http://www.flame.org/~cdoswell/tor_probs/vtornado_prob.html

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Hurricane Pro Tip (32 year Florida resident)

It only takes 1 entry point for wind to get into a building or under the roof and if the hurricane is strong enough it won't matter if it's wood or block.

Yeah but roofs are still wooden trusses and plywood.

The alternative would be poured concrete roofs like they do in Puerto Rico,, problem is that since we are constantly having small earthquakes the roofs develop small cracks and once a leak start it's essentially over, especially with the climate we have there with the humidity and rain and salt, wood is a much easier and cheaper thing to fix or replace

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The alternative would be poured concrete roofs like they do in Puerto Rico,, problem is that since we are constantly having small earthquakes the roofs develop small cracks and once a leak start it's essentially over, especially with the climate we have there with the humidity and rain and salt, wood is a much easier and cheaper thing to fix or replace

Same reason that you don't make pure concrete structures in Oklahoma that are expected to be permanent unless you have lots of money for an advanced foundation that can withstand the shifting clay we call the ground. Most building that are more than 20 years old have a cracked foundation, not because of a fault in its creation, but just because of how the ground shifts. You could build brick house for way more money in Oklahoma, that in the end makes no different to a tornado, assuming you were a statistically unlucky person and manage to find your house in a tornado. Or you can build a house that is lighter(wood), thus not needing a solid foundation that has to be fixed every 10 years, and most likely will not see a tornado anyway. People don't realize just how big the United States and the areas that actually get tornado is. Been here 20 years and never seen a single tornado.

So the question to be asked, why build a brick house on a heavy foundation that will crack within 10 years and need fixing which is expensive, plus raising the value of the house so insurance costing more on top of that? Why spend that much money to attempt to be lucky enough to not loose your home from a threat that is very unlikely to ever effect you? Why not save the money on the making the house, the insurance, and allowing you to save tons of money for the off chance you are statistically unlucky?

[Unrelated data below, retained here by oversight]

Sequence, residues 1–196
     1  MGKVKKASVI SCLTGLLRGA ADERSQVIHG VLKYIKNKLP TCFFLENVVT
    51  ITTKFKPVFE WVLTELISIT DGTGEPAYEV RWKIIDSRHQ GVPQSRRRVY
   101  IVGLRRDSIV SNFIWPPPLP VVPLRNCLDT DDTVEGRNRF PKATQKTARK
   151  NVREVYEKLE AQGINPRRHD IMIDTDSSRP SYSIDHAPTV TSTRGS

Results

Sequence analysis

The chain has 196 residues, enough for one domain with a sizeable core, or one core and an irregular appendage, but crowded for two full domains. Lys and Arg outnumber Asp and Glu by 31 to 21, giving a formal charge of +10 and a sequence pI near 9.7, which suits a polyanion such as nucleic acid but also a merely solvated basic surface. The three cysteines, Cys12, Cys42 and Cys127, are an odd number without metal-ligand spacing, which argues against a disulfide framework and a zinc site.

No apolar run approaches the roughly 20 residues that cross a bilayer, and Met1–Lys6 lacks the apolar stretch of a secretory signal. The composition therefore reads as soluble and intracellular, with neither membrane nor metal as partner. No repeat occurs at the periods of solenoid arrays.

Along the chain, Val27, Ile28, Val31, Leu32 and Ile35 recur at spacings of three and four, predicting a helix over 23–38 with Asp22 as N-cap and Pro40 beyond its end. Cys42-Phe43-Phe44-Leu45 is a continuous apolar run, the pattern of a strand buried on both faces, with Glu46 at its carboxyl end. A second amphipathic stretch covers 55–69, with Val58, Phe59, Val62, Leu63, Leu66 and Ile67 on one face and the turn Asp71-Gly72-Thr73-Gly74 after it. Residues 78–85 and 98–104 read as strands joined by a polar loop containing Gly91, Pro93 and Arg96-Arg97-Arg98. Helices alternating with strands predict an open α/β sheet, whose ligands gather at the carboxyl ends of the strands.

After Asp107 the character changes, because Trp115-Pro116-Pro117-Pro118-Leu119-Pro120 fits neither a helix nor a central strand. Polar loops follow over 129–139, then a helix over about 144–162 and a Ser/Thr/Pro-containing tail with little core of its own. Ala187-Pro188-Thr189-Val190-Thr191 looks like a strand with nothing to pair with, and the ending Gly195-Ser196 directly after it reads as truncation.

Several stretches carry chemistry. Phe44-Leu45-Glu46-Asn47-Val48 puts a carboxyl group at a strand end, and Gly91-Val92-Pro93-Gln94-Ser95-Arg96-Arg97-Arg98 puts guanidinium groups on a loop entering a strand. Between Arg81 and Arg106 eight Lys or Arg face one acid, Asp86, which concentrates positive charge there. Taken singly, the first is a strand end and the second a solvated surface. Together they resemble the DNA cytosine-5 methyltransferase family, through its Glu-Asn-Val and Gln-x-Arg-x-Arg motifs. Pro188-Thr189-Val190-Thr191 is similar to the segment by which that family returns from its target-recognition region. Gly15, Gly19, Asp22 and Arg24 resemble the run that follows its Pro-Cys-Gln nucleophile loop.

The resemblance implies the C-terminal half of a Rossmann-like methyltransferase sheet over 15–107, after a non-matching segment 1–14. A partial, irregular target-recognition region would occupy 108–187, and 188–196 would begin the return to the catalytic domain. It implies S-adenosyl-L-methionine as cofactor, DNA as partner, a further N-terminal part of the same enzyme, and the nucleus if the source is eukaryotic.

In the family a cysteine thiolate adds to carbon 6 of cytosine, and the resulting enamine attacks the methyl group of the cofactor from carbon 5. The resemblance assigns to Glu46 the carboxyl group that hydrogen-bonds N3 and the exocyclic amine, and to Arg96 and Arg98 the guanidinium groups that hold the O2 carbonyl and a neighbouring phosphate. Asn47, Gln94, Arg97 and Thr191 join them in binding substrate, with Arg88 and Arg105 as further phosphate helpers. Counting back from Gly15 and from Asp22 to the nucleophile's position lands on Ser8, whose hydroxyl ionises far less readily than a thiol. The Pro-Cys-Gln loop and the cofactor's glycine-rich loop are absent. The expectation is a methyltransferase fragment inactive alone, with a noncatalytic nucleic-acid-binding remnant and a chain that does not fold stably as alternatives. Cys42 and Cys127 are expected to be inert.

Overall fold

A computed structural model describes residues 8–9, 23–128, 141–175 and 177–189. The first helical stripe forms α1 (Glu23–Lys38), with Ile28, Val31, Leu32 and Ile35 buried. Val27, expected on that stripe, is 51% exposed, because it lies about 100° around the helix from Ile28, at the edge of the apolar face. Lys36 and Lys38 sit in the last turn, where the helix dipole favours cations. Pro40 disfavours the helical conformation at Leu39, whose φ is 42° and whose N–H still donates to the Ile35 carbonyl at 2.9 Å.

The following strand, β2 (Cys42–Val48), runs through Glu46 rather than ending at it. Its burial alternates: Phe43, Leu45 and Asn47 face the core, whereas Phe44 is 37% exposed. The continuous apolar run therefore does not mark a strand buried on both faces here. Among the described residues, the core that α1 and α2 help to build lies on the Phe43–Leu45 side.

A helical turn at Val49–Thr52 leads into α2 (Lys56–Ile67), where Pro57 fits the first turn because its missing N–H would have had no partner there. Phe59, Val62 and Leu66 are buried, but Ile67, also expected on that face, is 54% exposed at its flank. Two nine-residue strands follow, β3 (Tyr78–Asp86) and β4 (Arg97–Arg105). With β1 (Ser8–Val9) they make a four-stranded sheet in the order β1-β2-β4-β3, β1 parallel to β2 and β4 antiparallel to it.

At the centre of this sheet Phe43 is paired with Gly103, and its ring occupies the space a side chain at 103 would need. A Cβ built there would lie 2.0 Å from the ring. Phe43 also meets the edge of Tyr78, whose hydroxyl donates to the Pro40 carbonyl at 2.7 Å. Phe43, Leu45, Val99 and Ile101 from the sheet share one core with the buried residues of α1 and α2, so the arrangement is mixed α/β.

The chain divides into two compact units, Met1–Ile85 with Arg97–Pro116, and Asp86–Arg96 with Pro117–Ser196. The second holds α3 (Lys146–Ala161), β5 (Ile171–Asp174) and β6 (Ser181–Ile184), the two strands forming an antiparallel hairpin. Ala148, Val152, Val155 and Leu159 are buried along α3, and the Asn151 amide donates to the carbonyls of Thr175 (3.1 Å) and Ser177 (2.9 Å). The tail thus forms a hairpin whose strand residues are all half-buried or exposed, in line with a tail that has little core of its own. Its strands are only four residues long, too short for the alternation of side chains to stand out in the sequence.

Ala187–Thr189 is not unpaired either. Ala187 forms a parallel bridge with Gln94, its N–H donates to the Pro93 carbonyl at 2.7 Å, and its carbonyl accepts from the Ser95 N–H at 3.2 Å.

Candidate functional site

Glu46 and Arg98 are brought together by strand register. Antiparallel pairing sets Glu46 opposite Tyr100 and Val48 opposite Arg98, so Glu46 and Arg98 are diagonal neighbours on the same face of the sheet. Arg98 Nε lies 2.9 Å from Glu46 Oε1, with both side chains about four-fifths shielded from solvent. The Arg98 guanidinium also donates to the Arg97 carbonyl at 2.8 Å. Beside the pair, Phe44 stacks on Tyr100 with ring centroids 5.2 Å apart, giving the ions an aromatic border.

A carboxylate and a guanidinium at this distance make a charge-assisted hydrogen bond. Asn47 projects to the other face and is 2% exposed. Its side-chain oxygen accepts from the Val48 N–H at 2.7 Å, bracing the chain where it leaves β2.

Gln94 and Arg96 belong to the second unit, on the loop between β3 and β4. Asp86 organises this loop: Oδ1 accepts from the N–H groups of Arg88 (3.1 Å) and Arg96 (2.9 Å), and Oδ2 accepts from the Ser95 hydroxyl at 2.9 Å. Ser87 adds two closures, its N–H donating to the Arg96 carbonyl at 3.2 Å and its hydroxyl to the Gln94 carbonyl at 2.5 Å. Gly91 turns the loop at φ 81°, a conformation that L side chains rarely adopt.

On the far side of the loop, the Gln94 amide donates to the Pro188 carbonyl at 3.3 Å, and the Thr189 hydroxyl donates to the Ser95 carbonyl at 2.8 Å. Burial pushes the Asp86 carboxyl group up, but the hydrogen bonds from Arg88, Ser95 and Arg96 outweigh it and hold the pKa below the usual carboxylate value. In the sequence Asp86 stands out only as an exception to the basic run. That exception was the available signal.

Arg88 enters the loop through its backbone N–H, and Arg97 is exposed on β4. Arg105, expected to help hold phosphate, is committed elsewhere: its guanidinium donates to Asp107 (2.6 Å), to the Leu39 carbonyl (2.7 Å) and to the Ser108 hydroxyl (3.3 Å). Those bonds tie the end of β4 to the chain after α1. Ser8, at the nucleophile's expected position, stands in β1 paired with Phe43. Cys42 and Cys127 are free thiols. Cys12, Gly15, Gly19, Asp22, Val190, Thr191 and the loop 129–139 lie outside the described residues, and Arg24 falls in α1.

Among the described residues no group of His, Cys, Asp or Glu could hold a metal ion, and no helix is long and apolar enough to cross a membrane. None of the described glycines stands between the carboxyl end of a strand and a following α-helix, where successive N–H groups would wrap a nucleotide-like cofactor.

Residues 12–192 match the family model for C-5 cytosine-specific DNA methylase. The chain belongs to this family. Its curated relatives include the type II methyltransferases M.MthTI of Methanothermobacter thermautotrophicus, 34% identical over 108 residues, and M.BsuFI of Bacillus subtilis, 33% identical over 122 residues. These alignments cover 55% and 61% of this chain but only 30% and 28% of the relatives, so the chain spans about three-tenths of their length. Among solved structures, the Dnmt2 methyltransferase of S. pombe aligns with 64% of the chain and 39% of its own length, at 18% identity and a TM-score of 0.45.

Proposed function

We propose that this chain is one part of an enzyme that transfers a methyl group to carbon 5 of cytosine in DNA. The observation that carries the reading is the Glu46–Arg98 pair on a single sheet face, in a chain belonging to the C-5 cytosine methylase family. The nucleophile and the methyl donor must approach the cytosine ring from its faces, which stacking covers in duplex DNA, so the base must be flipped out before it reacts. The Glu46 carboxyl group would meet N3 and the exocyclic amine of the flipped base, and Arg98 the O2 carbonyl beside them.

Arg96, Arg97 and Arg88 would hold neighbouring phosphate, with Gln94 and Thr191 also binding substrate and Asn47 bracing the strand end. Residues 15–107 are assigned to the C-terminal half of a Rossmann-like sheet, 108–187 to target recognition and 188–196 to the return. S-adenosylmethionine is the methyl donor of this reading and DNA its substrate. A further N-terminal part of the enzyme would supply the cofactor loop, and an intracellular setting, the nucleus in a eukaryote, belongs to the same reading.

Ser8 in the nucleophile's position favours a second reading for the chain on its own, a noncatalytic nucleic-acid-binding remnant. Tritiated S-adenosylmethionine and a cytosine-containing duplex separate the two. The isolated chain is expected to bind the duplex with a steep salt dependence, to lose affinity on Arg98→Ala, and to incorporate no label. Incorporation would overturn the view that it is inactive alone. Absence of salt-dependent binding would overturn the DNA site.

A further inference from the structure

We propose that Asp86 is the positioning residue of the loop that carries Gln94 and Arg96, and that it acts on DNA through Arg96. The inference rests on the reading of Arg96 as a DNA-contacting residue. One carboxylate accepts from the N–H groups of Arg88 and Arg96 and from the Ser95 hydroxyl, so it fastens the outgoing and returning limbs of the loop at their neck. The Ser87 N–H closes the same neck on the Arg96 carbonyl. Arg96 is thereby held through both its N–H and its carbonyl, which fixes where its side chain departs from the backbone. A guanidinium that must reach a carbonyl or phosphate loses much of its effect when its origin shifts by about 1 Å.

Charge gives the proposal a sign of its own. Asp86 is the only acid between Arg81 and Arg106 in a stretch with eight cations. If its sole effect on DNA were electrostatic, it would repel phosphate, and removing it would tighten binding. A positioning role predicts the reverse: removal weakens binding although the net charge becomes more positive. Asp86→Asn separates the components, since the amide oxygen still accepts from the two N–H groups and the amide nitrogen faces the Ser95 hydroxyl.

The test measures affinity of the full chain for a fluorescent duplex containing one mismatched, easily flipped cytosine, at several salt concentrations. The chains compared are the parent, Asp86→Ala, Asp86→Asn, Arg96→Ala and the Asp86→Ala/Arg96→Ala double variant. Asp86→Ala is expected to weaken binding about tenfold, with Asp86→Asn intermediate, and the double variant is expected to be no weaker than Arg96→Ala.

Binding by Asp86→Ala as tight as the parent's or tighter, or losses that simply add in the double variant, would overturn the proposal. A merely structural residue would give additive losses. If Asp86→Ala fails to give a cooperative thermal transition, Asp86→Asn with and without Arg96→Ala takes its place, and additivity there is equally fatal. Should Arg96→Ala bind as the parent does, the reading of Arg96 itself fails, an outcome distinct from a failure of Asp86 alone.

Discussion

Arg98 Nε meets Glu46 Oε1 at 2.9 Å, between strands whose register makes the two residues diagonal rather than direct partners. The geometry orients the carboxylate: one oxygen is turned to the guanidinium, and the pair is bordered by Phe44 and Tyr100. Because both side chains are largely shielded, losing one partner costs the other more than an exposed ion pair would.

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Been here 20 years and never seen a single tornado.

Been here 32 and only saw 1 and saw the aftereffect of another. They are not as common place as many would believe. Even in what is known as Tornado Alley, people have lived there all their lives and not seen one.

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Every time I see a show on TV after tornados I ask my self the same questions. This thread has helped me understand a little

Basically, 200+ mph, or 322 km/h, winds are simply unsurvivable. Loose items will fly right through your brick walls. You will be shredded. And given the incredible cost of attempting to tornado-proof and the high likelihood that even a person who lives in tornado alley will never even see a tornado... it's not worth it. Build a basement and pray. That's all you can really do.

And for hurricanes? Most of the real problems are on the coast where you might see 20-30 foot storm surges. Even a 10 foot storm surge, like Sandy, is going to do extreme damage. Keep in mind that many buildings had their foundations completely washed away.

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Chances are it will happen in the future.

Global warming will increase the natural disasters across the world, and also increase sea levels.

So, it's not a chance that it's happening again; it will happen again so long as we don't do something to protect not only the the poles, but also the global atmosphere.

That will most likely only start happening when things get really bad; as humans love to stay ignorant to things until they become a problem.